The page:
Opinions & Features Workshop (Oct 26th)

Photo by Mackenzie Ashcroft

Cumming School of Medicine commits to advance reconciliation and healing with Indigenous Peoples

By Salma Zein, November 4 2021—

The Cumming School of Medicine’s Indigenous, Local and Global Health Office held a virtual event on Oct. 15 outlining the Indigenous Health Education Pathways to Healing initiative. 

Pathways to Healing is an initiative that centres around the Indigenous Health Dialogue and aims to support community projects to help facilitate reconciliation through funding and support sessions. Pathways to Healing is unique in that it aims to promote connections between health, medicine and Indigenous Ways of Knowing through decolonization. 

The Pathways to Healing initiative was created in response to the discovery of unmarked Indigenous childrens’ graves on residential school sites, providing an opportunity for the Cumming School of Medicine to take action. The initiative is supported by the Cumming School of Medicine, the Alberta Children’s Hospital Research Institute, the Libin Cardiovascular Institute of Alberta, the Indigenous, Local and Global Health Office and the office of Dr. Michael Hart, vice-provost of Indigenous Engagement at the University of Calgary. 

There is a grant open to all students and staff at all levels with ideas to improve Indigenous health outcomes, particularly those around education. Successful projects will build on knowledge sharing and exhibit a commitment to ethically advancing Indigenous health outcomes through education. Grants are available at three levels — Knowledge Dissemination grants are worth up to $2,500, Development grants are worth up to $5,000 and Implementation and Evaluation grants are worth up to $10,000. 

The Gauntlet had the opportunity to interview Assistant Professor in Family Medicine and Director of Indigenous Health Education for the Cumming School of Medicine, Dr. Pamela Roach, and Indigenous Health Program Coordinator at the Indigenous, Local and Global Health Office at the Cumming School of Medicine, Holliston Logan. 

“When thinking about this initiative and its focus on the relationship between education and health, these are both systems that have historically and continue today to marginalize and oppress Indigenous people,” said Logan. “By bringing Indigenous knowledge to the forefront we can create those pathways for seeing and understanding the rich knowledge that is within both ways of knowing, and creating better pathways going forward for these to function in parallel and collaboratively, to better support Indigenous peoples.”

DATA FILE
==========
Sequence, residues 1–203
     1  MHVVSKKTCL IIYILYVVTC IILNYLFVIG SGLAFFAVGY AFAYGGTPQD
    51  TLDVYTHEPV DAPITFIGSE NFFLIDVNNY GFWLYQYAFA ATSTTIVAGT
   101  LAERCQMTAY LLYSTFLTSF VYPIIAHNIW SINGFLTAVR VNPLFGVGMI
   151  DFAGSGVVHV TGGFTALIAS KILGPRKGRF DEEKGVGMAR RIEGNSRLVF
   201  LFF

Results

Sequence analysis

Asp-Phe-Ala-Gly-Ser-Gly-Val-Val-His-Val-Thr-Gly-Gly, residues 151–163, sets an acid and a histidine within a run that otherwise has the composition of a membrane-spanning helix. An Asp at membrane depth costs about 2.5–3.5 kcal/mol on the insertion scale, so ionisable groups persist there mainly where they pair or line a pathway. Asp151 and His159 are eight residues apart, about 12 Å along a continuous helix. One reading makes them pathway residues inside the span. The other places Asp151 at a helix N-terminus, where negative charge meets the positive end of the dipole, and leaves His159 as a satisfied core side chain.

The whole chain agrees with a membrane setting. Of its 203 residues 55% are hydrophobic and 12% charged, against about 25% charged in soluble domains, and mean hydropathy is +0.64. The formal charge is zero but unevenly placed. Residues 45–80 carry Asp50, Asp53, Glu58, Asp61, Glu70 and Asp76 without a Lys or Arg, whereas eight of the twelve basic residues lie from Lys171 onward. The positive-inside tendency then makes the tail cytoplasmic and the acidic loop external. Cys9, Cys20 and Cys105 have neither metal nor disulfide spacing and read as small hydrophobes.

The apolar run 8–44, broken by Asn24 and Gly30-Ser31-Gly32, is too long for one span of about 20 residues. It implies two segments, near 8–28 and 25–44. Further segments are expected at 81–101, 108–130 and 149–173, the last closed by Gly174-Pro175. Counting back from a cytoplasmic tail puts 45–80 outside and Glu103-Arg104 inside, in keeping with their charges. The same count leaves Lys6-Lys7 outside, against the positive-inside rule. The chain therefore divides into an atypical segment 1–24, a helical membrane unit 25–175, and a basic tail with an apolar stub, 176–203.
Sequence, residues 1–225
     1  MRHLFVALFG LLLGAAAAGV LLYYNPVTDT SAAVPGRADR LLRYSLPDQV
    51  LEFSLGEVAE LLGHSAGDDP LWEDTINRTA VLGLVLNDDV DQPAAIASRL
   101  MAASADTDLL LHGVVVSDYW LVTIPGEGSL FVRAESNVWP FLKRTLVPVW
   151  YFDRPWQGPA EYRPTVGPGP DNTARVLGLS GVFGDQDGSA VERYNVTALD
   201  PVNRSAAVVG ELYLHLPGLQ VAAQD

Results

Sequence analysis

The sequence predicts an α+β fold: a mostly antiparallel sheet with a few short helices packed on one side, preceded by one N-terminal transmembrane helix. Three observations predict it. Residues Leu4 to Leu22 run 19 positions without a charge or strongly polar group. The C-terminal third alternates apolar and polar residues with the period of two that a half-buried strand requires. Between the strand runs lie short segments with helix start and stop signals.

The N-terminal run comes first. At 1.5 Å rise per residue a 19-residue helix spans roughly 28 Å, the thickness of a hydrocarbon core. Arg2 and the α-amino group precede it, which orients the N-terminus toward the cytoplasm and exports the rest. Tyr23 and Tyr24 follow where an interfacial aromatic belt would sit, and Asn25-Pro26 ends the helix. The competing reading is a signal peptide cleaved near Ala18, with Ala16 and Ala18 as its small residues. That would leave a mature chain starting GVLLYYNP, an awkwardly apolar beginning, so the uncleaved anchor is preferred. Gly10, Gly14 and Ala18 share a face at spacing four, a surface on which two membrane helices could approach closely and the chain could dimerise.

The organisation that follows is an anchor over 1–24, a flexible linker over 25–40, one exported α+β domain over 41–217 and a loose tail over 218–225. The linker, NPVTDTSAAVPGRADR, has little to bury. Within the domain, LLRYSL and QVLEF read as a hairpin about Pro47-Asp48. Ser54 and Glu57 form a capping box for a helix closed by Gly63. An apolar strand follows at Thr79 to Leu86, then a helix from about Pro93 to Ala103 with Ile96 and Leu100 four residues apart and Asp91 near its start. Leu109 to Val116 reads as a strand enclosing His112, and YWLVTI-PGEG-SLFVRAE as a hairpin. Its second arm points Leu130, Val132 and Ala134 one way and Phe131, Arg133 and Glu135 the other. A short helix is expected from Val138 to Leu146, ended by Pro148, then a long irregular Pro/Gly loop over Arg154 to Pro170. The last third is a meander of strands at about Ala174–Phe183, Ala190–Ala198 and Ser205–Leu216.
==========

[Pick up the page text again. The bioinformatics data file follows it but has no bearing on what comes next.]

Beyond the grant money, however, Pathways to Healing also aims to build a community surrounding the work in improving Indigenous health outcomes — one that is built upon Indigenous Ways of Knowing. 

“When we think about Indigenous approaches to ethics, reciprocity and relationality are really key. Part of this is that you come back to the circles as you undertake your work or if you’re finishing your work and you share what you’ve learned,” said Roach. 

“When we think about the basics of recruitment of Indigenous medical students and retention of Indigenous students and faculty and staff, it’s really important for people to see Indigenous people and Indigenous work. So with non-Indigenous allies, having Indigenous-led work is really important for people to be able to see that and to be able see versions of themselves that are successful,” Roach continued. “It’s really important for us to  demonstrate a commitment, the TRC [Truth and Reconciliation Commission of Canada] calls to action, there’s ones there that directly relates medical schools and the way we teach, the way we educate health professionals, the way our structures are. There’s direct actions that we are asked to do, so it’s important to respond to those and it’s really important to demonstrate this commitment.”

The Pathways to Healing initiative aims to foster such a community through Pathways to Healing Circles, where interested individuals and community groups can come together to discuss their ideas, or to contribute to the process of creating ideas. Currently, they will be held virtually. 

“We want to see this become something that’s permanently funded but also see it become a community of practice where people can have that network and relationality. And also seeing the new processes for implementing become part of the norm for how research is conducted at the university — so seeing the greater inclusion of orality and Indigenous tradition and ways of knowing as part of that research process,” said Logan. 

“It would be amazing to build this community of people who are engaged in this work in really deep ways and be able to think about how do we make this permanent going forward for the school of medicine,” concluded Roach. 

Interested students and staff can find more information, including Zoom links to the Pathways to Healing Circles, on the Indigenous Health Education Pathways to Healing website.


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